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Year : 2021  |  Volume : 4  |  Issue : 3  |  Page : 267-273

An assessment of learning styles of undergraduate medical students in three different types of curriculum

1 College of Medicine, King Saud bin Abdulaziz University for Health Sciences, Riyadh, Saudi Arabia
2 College of Medicine, King Saud bin Abdulaziz University for Health Sciences; Department of Medicine, Ministry of National Guard-Health Affairs; King Abdullah International Medical Research Center, Riyadh, Saudi Arabia
3 College of Medicine, King Saud University, Riyadh, Saudi Arabia
4 College of Medicine, Imam Muhammad Ibn Saud Islamic University, Riyadh, Saudi Arabia

Correspondence Address:
Abdulrahman Alfawzan
King Abdullah International Medical Research Center, College of Medicine, King Saud Bin Abdulaziz University for Health Sciences, National Guard Health Affairs Ar Rimayah, Riyadh 14611
Saudi Arabia
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Source of Support: None, Conflict of Interest: None

DOI: 10.4103/jnsm.jnsm_126_20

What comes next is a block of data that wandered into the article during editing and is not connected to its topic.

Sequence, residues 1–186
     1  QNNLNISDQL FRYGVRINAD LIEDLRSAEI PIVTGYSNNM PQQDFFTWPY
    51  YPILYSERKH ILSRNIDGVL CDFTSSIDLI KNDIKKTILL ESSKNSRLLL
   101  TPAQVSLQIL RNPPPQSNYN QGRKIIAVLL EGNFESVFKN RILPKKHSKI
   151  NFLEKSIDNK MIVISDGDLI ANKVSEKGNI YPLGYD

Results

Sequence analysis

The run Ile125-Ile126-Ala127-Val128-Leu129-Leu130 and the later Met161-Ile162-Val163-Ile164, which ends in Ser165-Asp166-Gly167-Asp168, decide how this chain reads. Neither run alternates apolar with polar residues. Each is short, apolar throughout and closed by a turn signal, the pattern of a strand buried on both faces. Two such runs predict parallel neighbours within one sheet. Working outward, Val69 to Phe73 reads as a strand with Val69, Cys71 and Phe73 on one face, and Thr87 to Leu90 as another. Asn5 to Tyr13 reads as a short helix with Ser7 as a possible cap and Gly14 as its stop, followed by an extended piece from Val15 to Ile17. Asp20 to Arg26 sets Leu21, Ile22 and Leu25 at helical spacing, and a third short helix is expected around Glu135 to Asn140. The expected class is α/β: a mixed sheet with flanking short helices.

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Background: Research in academia suggests that types of school may have an impact on learning styles. The study is aimed to examine the learning styles of students from medical institutions using different types of curriculum. Methods: This descriptive cross-sectional study was conducted in the three largest public-sector medical colleges using conventional, hybrid, and a problem-based learning-based curriculum in Saudi Arabia. By using convenient sampling, we collected 316 responses. The questionnaire consisted of sociodemographic data and index of learning style instrument. The categorical data were presented as percentages and descriptive data were analyzed using the Chi-square test. Value of P < 0.05 level was considered statistically significant. Results: Of the 316 participants, the male-to-female ratio was 1:1. Gender was associated with a significant difference in the visual/verbal dimension (P = 0.034). Irrespective of college, most of the participants are primarily balanced in active/reflective (67.2%), visual (51.1%), and sequential (68.8%) with slight shift toward sensing (47.6%). Significant differences between colleges were found in sensing/intuitive (P = 0.005) and sequential/global (P = 0.012) dimensions. There was no significant association between academic years with learning styles in the three medical colleges from public sector universities. Conclusion: Irrespective of college, most of the participants' preferred style was visual illustrations supported by hands-on teaching in a stepwise process. Although, medical students in different universities possessed different learning styles. It has also been shown that students in a single university tend to develop the same learning styles as they advance through the years. The collaboration between institutions using different types of the curriculum may increase the quality of education by developing effective teaching and learning methods that correspond with the learning styles of students.

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